2017: Page 29

After some mid-January spring-like weather, winter has returned with snow in the forecast for the next several days.  The alarm was set for early this morning to head into work to finish the cleaning for the day and take care of any potential snowfall.  While there had been some light snow flurries overnight, the snow did not accumulate so my morning work was all inside.  As I cleaned the building to get ready for Sunday services, I prayed for each aspect of the morning gatherings and for those who would respond to God’s call to gather together.  

After the building was cleaned and the trash taken out, it was time for the morning Bible School class where we are studying the book of Colossians.  While not a lengthy letter, Paul packs a lot of content into it as he expresses his thankfulness for them and warns them of attitudes and practices that would get in the way of living a life of faithfulness to God.  As the foundation for all of their belief and action, Paul weaves throughout the letter many clear reminders of both the supremacy and deity of Jesus.  If our desire is to fully follow Christ, it is imperative that we know Him as our complete authority — and as God.  

After the Bible class, I stopped by my office and a deer was standing at the window.  I had not brought a camera with me, so I pulled out my cell phone and shot a quick photo before he decided to move on.  It wasn’t long before two more walked past my office but they didn’t stay around long as it appeared they noticed the activity in the other rooms along that side of the building.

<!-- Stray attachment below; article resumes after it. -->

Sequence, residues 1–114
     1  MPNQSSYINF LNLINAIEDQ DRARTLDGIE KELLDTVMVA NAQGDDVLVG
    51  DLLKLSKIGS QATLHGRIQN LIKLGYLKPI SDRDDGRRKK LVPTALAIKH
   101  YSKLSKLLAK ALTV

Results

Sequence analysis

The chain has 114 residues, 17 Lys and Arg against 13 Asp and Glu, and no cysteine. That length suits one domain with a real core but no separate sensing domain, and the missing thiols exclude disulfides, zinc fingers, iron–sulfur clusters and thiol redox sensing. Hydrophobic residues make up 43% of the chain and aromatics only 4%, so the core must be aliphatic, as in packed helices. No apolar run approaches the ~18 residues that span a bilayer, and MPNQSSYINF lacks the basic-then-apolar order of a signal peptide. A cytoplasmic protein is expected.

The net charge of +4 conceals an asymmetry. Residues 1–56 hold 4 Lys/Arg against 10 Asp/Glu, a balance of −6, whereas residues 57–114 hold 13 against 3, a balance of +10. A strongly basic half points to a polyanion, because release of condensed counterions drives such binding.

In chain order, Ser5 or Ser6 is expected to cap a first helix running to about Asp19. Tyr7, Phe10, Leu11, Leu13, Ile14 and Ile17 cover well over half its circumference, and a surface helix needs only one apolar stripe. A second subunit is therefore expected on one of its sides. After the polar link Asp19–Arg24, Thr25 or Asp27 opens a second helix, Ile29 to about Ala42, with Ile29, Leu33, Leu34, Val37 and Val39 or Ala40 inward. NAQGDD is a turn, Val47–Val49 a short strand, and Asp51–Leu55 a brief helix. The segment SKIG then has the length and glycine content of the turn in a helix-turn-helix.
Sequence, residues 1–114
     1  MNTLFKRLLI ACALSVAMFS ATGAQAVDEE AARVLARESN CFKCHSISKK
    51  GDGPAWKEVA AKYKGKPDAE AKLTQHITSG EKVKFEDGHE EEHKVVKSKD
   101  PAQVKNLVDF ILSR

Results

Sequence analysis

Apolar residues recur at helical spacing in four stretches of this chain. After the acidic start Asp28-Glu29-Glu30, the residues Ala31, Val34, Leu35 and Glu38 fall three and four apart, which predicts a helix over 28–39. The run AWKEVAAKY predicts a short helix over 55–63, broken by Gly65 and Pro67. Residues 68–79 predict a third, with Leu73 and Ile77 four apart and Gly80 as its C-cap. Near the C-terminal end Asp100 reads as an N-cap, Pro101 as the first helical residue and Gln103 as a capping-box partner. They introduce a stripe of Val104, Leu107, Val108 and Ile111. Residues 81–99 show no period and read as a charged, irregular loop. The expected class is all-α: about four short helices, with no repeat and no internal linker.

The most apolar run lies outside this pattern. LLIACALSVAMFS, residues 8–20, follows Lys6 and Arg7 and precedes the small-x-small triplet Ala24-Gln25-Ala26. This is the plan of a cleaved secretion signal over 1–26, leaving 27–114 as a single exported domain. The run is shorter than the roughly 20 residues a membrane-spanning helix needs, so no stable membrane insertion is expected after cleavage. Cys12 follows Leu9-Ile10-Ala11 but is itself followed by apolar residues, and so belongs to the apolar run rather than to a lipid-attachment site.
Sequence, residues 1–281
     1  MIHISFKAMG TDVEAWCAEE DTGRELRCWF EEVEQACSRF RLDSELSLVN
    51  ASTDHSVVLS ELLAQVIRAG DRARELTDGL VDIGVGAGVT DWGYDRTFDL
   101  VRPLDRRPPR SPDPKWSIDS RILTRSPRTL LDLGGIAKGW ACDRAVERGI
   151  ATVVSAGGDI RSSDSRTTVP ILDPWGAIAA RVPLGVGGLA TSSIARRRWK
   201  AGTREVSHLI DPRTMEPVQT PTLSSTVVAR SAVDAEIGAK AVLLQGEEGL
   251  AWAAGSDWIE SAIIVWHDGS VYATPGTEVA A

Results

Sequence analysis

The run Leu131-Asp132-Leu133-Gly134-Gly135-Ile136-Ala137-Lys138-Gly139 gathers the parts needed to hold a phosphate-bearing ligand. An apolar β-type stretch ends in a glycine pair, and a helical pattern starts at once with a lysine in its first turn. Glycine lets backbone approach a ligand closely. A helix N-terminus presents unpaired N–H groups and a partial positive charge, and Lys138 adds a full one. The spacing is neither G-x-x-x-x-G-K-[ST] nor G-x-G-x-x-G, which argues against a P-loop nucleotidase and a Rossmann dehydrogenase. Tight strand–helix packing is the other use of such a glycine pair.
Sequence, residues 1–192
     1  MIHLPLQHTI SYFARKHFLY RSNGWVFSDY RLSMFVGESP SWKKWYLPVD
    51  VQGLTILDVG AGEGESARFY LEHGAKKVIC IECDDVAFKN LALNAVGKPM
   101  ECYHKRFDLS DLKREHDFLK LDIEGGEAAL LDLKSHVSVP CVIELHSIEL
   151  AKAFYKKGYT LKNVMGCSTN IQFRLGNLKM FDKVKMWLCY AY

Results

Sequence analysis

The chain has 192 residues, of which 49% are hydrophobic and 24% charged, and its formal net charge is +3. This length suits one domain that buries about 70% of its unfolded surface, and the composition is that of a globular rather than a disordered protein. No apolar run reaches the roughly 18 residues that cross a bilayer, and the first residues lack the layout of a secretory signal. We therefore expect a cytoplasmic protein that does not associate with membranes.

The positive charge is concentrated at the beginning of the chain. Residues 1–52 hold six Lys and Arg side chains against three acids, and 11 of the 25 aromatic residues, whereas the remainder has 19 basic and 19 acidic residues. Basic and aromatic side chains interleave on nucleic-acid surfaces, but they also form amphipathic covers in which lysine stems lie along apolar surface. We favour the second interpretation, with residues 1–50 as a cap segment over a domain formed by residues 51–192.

After the Bible study hour, we had a great worship gathering as we sang praises to God, shared in communion, and received a message from God’s Word.  CJ Powell brought the message this morning from Luke 5 as we looked at the call of the first disciples to become “fishers of men”.  While it appears that Simon, James, and John were fishermen by trade, I always find it fascinating that they never seem to have much luck catching fish until Jesus shows up and gives them instructions on how and where to fish.  So, I’m not sure if those Galilean fishermen would have been considered average or advanced, but either way Jesus made them able to not only catch fish, but to catch people for His kingdom.  I suppose that when it comes to making disciples, most of us would consider ourselves average at best but a few may think of themselves as advanced.  The good news is that God can, and desires to, make us able to be “fishers of men”.  While disciple-making does require our involvement, the transformation of those being discipled is the work of God’s Spirit through us and in them.  Average or advanced, we are able because we have a God who is able.

As I reflect on the day, here are some thoughts/lessons that stand out to me:

  • Anger is contagious but prayer has a way of dissolving the anger of others that has crept into your life.
  • Peace can have a contagious element to it as well, but it seems it takes more effort on our part as a peacemaker before it spreads to others.
  • The encouragement and warnings that Paul wrote to the Colossians were not just for them — they are for us as well.
  • Instead of “yelling” at each other about our political and social positions, God wants us to pray for and love one another.
  • Our view of how average or advanced we are doesn’t make that much difference when we look to God to make us able to do what He has called us to do.


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